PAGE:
The Charlotte Bobcats finally made the playoffs for the first time ever in 2010 and there were grand plans to build on that in 2011.
Not exactly how it went. Still, at the end of the season they had an outside chance to catch the Indiana Pacers, become the eight seed and be fodder for the Chicago Bulls in the first round. But that didn’t happen because with Stephen Jackson sidelined with injury the Bobcats could not generate enough offense to win games.
Jackson said he could have gone those last 10 games but he thinks the Bobcats didn’t want to make the playoffs. It was something he could say from a distance during his introductory press conference with the Milwaukee Bucks, the team he was traded to on draft night (via the Associated Press).
“The last 10 games, I could have played,” Jackson said. “But they shut me down. The team shut me down. So I kind of assumed they didn’t want to make the playoffs.”
It didn’t look like that on March 30, when Jackson was 1-of-4 shooting in 15 minutes against the Cavaliers. He looked off that game, and he missed a lot after that. But whatever he says.
Jackson said it felt like the Bobcats were building for winning three years from now, but he will turn 33 next season and he doesn’t want to wait around.
The Bucks are team looking to win now. Two seasons ago they came together at the end of the season and looked like a franchise on the rise, then Andrew Bogut had a gruesome elbow injury that continued to set the team back last season. Combine that with a suddenly anemic offense and it was time for changes — John Salmons is out and Jackson is in. If it works, the Bucks could surprise teams next season.
What championship hangover? Cavaliers rout Knicks on ring night in Cleveland.
LeBron had a triple-double — 19 points, 14 assists, 11 rebounds — and led the Cavaliers to an easy win over the Knicks, 117-86. Kyrie Irving had 29 points — 19 in the third — and Kevin Love added 23 in the win.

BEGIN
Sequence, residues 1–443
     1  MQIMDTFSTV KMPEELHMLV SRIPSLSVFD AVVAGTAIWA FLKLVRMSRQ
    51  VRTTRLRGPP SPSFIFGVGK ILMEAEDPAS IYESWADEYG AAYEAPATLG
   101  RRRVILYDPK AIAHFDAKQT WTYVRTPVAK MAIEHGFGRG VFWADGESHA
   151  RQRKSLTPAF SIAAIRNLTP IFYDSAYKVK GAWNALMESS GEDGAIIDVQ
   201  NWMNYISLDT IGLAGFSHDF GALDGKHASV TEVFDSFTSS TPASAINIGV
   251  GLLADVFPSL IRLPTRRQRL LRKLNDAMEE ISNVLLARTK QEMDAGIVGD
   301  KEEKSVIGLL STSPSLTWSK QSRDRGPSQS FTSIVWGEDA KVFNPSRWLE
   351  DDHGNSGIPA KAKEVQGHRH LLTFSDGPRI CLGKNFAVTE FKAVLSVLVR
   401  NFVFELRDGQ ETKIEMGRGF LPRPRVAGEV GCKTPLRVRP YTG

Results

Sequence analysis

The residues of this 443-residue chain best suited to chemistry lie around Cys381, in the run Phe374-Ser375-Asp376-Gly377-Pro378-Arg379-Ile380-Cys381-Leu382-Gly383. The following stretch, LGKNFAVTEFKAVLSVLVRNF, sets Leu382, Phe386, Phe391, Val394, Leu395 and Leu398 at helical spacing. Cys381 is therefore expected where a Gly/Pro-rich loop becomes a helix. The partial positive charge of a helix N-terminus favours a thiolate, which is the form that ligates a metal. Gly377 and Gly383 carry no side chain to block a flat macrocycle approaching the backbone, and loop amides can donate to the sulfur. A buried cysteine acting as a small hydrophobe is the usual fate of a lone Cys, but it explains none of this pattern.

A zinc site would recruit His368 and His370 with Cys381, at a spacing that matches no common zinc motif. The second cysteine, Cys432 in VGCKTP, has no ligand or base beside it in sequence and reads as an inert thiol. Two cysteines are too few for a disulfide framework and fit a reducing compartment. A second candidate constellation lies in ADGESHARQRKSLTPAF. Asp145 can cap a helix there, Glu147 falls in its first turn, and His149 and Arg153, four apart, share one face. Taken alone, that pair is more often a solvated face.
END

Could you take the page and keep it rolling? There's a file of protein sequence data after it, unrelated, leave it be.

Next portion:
But mostly it was the Cavaliers’ offense getting whatever shot it wanted and the Knicks watching dunks from up close.
Over the course of this season, these Knicks will evolve into something better than they showed opening night. No Derrick Rose (trial) and no Joakim Noah (injury) meant the Knicks starting five didn’t have a lot of cohesion and chemistry from the start.
After a sluggish first five minutes by both teams — they were a combined 6-of-22 shooting to open the game — the Cavaliers slowly started to create a little space behind 10 first quarter points from Love. That lead really started to grow as the Knicks bench came in and went 0-of-6 shooting to end the quarter, with Brandon Jennings making questionable decisions. Tack on seven Knick turnovers and the first and they were down 10 after 12 minutes.
The Cavs were in control through much of the second quarter until the Knicks went on a 10-0 run to make it a game again. It was Derrick Rose and Carmelo Anthony driving the team — they shot a combined 12-of-20 in the first half, the rest of the Knicks were 5-of-23. It was 48-45 Cavaliers at the break.
In the third quarter the Cavaliers starters cranked it up behind Kyrie Irving and tighter defense — the third quarter saw Kyrie Irving with 19 points and the entire Knicks team with 19. It was 82-64 Cavs after three and the celebration was on.
Kristaps Porzingis showed some moments but his 16 points came on 5-of-13 shooting. Anthony had 19 points on 18 shots. Rose had 17 points but four turnovers and one assist. Brandon Jennings came off the bench to shoot 1-of-7. It was not their best night.
For the Cavs, it was one to remember — the first banner in 52 years went up.
Did we mention LeBron James was dunking all over Knicks? Watch for yourself.
“At this point, if you’re not from here, live here, play here, dedicate yourself to Cleveland, then it makes no sense for you to live at this point — Cleveland against the world!”
And with that, the Q went nuts.
LeBron James and the Cavaliers got their rings and raised a banner in Cleveland — the first title banner in that city in 52 seasons (although the Indians are trying to have their say on the matter across the street). It was emotional for everyone in the building, and particularly the hometown boy LeBron.